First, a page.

Gender in engineering is a long-standing source of inquiry, research, outreach, and discussion as inequity in demographics and negative experiences persist in the field. Women consist of just approximately 20% of our engineering undergraduate programs nationally, and roughly 14% of our national professional workforce. Absent from these numbers and research into gender minority experiences are students who lay further on the margins of discussion, awareness, inclusion, and acknowledgement of existence - students who identify as nonbinary or other genders aside from man or woman. This paper presents background literature on gender, gender minority experiences in higher education, nonbinary gender identity, and aims to present points of discussion to facilitate further engagement with a more nuanced understanding of gender in engineering.
Gender as a social system is defined by multiplicity and fluidity and does not fit within two unitary and discrete categories. The majority of current gender in engineering scholarship utilizes a conceptualization of gender which does not acknowledge or incorporate more than two gender options, and is rooted in increasingly rejected notions of biological essentialism. Nonbinary and gender nonconforming students, some of which also identify within the transgender population, exist in liminal spaces throughout society and higher education, and continuation of this scholarship tacitly denies their existence by framing gender as intrinsically linked to two biological categories. Engineering professionals, faculty, and students who identify as neither men nor women must be included and our conversation be expanded for academically rigorous investigation into gender dynamics and create inclusive engineering spaces.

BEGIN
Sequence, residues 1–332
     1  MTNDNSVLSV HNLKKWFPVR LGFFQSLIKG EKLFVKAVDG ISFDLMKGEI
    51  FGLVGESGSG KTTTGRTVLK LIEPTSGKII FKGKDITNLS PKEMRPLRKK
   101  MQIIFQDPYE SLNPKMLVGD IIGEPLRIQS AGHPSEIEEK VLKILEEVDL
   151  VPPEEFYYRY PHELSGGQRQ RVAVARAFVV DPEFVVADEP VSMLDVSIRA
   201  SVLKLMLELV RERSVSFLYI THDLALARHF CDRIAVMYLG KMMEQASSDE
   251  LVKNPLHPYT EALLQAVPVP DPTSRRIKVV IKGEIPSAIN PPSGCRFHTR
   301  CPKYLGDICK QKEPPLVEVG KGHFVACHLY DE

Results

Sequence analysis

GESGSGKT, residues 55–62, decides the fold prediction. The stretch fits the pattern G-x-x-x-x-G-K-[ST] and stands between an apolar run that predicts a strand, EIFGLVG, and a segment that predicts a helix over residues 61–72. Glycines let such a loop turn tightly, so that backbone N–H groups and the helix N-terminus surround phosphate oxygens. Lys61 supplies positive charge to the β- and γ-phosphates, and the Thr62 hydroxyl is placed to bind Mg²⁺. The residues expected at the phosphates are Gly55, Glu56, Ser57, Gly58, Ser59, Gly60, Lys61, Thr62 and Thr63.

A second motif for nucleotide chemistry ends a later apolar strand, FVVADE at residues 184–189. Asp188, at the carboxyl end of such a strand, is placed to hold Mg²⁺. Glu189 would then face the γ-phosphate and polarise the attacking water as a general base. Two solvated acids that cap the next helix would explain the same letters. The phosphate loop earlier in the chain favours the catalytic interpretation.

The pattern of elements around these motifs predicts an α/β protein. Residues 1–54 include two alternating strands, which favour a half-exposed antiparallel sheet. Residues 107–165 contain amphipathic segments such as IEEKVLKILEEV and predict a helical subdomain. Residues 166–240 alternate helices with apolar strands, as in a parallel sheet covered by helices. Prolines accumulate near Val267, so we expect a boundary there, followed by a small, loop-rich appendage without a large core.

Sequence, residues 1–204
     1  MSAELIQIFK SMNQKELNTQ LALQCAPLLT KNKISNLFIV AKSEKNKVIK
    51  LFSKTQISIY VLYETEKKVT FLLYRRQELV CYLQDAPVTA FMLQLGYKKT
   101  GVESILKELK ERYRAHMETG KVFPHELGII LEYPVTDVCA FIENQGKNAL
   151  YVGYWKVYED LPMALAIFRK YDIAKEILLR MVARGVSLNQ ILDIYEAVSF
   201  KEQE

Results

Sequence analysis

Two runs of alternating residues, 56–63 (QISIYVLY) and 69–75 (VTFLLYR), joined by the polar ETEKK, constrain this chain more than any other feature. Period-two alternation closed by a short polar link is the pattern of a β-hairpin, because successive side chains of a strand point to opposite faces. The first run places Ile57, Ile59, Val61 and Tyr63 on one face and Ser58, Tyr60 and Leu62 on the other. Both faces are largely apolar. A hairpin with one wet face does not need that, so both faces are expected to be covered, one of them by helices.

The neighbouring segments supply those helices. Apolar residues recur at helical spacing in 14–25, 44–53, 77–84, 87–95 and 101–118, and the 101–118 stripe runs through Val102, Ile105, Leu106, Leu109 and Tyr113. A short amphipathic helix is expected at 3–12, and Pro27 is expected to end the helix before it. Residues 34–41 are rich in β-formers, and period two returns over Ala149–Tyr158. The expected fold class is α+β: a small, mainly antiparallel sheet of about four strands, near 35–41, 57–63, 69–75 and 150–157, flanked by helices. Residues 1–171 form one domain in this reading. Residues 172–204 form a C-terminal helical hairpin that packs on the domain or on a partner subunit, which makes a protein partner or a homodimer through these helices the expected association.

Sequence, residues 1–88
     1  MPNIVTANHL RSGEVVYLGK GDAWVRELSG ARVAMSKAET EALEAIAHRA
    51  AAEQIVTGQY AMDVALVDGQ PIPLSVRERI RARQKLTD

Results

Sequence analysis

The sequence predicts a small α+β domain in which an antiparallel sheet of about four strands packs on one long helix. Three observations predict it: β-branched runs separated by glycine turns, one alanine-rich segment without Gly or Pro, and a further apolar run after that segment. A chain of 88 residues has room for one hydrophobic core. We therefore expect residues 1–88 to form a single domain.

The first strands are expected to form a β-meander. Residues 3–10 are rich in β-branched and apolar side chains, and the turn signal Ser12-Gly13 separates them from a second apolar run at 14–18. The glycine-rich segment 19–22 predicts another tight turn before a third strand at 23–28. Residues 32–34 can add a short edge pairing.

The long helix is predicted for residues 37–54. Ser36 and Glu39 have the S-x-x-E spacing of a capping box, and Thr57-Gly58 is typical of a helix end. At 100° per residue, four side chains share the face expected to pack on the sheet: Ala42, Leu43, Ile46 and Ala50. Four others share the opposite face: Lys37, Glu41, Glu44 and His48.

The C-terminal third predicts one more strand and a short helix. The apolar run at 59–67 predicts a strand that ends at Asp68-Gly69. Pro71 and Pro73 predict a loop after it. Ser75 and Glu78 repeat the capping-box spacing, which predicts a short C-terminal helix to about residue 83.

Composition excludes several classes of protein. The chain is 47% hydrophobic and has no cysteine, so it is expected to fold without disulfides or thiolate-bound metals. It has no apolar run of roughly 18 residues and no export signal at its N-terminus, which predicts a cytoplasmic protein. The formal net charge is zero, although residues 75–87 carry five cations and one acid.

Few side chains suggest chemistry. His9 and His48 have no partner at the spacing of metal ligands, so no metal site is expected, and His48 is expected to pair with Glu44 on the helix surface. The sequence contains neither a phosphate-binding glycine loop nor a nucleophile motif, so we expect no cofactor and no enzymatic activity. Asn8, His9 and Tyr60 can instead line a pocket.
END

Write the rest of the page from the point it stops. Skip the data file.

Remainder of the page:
Conversations around gender neutral bathrooms are just the beginnings of widespread cultural change to support gender expansive engineers. The discipline must re-think our approaches towards gender equity in engineering and the theoretical conceptualization of gender to not only frame its inequity through the sharp underrepresentation of women, but its gender dynamics as experienced by nonbinary and gender nonconforming students. We must continue to make space for marginalized gender identities and gendered experiences. Through reviewing existing literature and integrating my own intimate experiences I seek to discuss preliminary efforts towards nonbinary inclusion in our teaching, professionalization, and language. This paper represents a point of entry for discussing nonbinary inclusion as part of the discipline's continued commitment to cultural change surrounding gender.
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